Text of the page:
BLACK HISTORY MONTH
Rejoice by Tony Allen and Hugh Masekela
Black History Month
During February’s Black History Month Kurated spotlights Black artists new and old, living or passed.CONTENTS
- INTRO: African Legends’ Rejoice
- PLAYLISTS: On YouTube and Spotify
- VIDEO: The Making of Rejoice featuring interviews with Tony Allen, producer Nick Gold and in-studio footage (5:26 mins)
- REVIEWS: From Pitchfork and Allmusic
AFRICAN LEGENDS’ REJOICE
A tight and driving one-off album
Seminal African musicians Tony Allen and Hugh Masekela agreed when they first met in the 70s they would make an album together. The project saw a long gestation. The two ultimately made good on the promise in 2010 under the care of Buena Vista Social Club producer Nick Gold. The resulting album, Rejoice, remained incomplete until Allen added the finishing touches for a March, 2020 release – two years after Masekela died and just two months before Allen himself passed.
It was worth the wait. The spare tunes – foregrounding Masekela’s horn and Allen’s dexterous rhythms – keep a moving pace of adroit interplay between the two. Says Pitchfork reviewer Matthew Ismael Ruiz: “Masekela’s flugelhorn is the most expressive voice on the record, bright and nimble, piercing in tone but gentle in force, bearing passport stamps from Johannesburg, London, and New York. Allen’s touch is light, but he strikes with the confidence of a player who knows he doesn’t need to attack the drum to be heard. His snare drives the grooves, occasionally sputtering into micro-rolls, and the full-kit fills occupy the negative space in Masekela’s melodies. They’re effortlessly in sync, belying their limited experience collaborating with each other.”
Allmusic’s Thom Jurek adds: “What transpires is not pure Afrobeat, the relentlessly danceable music from Lagos, but instead a “chamber” version of it, alongside swinging modern jazz, spidery, skeletal funk, and South African township groove combined. Masekela‘s singing, chanting, and wonderfully inventive trumpet lines blend effortlessly with Allen‘s drums digging into primal source rhythms and articulating them with a maestro’s flair at the center of the mix.”
South African Masekela and Nigerian Allen met through Fela Kuti who, together with Allen, developed the Afrobeat genre in the late 60s. At the same time South African Masekela was scoring hits in the United States including the chart-topping Grazing in the Grass. Both musicians are towering figures in their field and also known for their social activism in their respective countries.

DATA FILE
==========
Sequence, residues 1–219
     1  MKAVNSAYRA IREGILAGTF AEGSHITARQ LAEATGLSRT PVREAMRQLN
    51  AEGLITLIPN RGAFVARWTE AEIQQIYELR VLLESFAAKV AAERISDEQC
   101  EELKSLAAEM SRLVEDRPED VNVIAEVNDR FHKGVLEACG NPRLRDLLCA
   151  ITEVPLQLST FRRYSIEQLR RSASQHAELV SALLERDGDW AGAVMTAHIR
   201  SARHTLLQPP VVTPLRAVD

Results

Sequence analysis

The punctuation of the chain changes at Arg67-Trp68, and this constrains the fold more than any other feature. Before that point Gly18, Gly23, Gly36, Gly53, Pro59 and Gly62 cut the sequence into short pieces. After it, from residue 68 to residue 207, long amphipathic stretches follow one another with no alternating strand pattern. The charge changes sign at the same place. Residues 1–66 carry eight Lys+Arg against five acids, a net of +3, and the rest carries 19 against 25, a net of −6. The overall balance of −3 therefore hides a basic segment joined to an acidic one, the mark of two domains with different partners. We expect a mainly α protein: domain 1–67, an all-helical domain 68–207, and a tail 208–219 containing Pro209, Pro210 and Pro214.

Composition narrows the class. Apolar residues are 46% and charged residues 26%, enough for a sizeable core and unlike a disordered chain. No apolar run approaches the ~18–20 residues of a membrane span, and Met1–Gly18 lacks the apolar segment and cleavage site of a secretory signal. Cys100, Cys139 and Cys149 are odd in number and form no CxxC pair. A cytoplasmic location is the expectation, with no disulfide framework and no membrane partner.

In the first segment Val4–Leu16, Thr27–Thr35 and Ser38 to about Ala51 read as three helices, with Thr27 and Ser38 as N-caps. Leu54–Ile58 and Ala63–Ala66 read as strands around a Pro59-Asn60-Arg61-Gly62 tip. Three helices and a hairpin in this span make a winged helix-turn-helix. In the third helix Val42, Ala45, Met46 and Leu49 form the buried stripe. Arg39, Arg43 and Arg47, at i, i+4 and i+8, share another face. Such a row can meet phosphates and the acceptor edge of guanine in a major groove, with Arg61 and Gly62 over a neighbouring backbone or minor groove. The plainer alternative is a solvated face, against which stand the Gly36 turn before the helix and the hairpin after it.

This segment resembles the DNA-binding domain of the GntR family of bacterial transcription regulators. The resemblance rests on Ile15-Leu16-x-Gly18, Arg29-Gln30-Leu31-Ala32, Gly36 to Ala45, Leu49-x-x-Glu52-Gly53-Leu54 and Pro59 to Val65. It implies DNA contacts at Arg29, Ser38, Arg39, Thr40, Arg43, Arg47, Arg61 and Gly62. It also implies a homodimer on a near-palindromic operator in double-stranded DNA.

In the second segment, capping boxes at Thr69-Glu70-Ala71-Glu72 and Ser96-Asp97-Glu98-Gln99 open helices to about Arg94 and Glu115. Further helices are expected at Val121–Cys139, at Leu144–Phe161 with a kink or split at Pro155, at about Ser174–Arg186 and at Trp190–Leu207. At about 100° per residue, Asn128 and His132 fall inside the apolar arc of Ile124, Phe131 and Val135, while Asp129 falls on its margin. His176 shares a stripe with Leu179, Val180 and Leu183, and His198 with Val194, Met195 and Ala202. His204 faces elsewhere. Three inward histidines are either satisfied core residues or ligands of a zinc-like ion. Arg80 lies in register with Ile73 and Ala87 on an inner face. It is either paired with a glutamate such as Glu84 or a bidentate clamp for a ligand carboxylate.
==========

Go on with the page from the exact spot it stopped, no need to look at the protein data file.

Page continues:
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19 February 2022
PITCHFORK ONLINE MAGAZINE
Two years after the South African trumpeter’s death, this 2010 studio session with the legendary Nigerian drummer documents their unique fusion of Afrobeat and jazz
By Matthew Ismael Ruiz / Pitchfork
Tony Allen has lived many lives as a drummer in the decades since he first got behind a trap kit. His various collaborations and genre shifts are numerous and well documented, evidence of a lifetime of curiosity. But Allen will forever be known as the virtuosic drummer in Fela Kuti’s Africa 70 band—the man whose genre-defining rhythms drove the Nigerian Afrobeat pioneer’s renowned sound. He quite literally put the beat in Afrobeat.
The legacy of the late Hugh Masekela, who died in 2018, is no less majestic. As a trumpeter he made his mark on every band he played with. Exiled from South Africa during apartheid, he spent much of the 1960s in London and New York, scoring a No.1 hit with “Grazing in the Grass” and making a name for himself on the Manhattan jazz scene. By 1984 he was in West Africa, where, through Fela, his friend and contemporary, he met Allen.
Almost as soon as they connected, the two decided they should try to make music together, but it would be more than 25 years before they finally met up in London’s Livingston Studios. Those 2010 sessions flowed like a conversation, with Allen laying down a drum track, Tom Herbert or Mutale Chashi adding bass, and Masekela answering with melodies on his flugelhorn. The result is Rejoice, a collaborative record that Allen calls “a kind of South African-Nigerian swing-jazz stew,” a skeletal Afrobeat infused with the spirit of bebop, with lyrics in English, Yoruba, and Zulu reflective of the transatlantic exchange that has defined the African diaspora for centuries.
ALLMUSIC ONLINE MAGAZINE
by Thom Jurek / Allmusic.com
It should surprise no one who has ever followed the music of Nigerian drummer Tony Allen and/or South African trumpeter Hugh Masekela that this session exists. Though the great trumpeter passed away in 2018, his seven-decade-long career was filled with musical adventure across genres. For Allen, a co-creator of Afrobeat and a true progenitor of 21st century Afro-funk, innovation, experimentation, change, and disruption have been part of the game since he began playing.
What transpires is not pure Afrobeat, the relentlessly danceable music from Lagos, but instead a “chamber” version of it, alongside swinging modern jazz, spidery, skeletal funk, and South African township groove combined. Masekela‘s singing, chanting, and wonderfully inventive trumpet lines blend effortlessly with Allen‘s drums digging into primal source rhythms and articulating them with a maestro’s flair at the center of the mix. Opener “Robbers, Thugs and Muggers” is grounded in a sung chant directed at Allen‘s propulsive snare skitter and hi-hat washes. It’s answered by Masekela‘s bluesy horn, cutting across hard bop, jive, and folk, quoting from “Eleanor Rigby” for good measure.